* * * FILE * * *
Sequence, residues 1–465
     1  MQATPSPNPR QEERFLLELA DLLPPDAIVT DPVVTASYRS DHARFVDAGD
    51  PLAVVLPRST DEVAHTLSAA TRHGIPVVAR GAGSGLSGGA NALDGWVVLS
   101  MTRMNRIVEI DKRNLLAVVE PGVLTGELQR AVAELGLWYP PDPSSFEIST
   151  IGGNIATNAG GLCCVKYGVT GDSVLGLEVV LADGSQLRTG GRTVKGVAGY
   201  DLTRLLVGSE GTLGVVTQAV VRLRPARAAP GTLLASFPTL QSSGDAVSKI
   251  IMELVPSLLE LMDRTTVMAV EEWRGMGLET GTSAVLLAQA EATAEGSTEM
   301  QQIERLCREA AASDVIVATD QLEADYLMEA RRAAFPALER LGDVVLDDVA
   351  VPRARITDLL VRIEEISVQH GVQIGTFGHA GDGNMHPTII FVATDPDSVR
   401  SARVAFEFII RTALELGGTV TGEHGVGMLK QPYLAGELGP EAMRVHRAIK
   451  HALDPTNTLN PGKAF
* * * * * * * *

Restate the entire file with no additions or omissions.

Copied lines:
Sequence, residues 1–465
     1  MQATPSPNPR QEERFLLELA DLLPPDAIVT DPVVTASYRS DHARFVDAGD
    51  PLAVVLPRST DEVAHTLSAA TRHGIPVVAR GAGSGLSGGA NALDGWVVLS
   101  MTRMNRIVEI DKRNLLAVVE PGVLTGELQR AVAELGLWYP PDPSSFEIST
   151  IGGNIATNAG GLCCVKYGVT GDSVLGLEVV LADGSQLRTG GRTVKGVAGY
   201  DLTRLLVGSE GTLGVVTQAV VRLRPARAAP GTLLASFPTL QSSGDAVSKI
   251  IMELVPSLLE LMDRTTVMAV EEWRGMGLET GTSAVLLAQA EATAEGSTEM
   301  QQIERLCREA AASDVIVATD QLEADYLMEA RRAAFPALER LGDVVLDDVA
   351  VPRARITDLL VRIEEISVQH GVQIGTFGHA GDGNMHPTII FVATDPDSVR
   401  SARVAFEFII RTALELGGTV TGEHGVGMLK QPYLAGELGP EAMRVHRAIK
   451  HALDPTNTLN PGKAF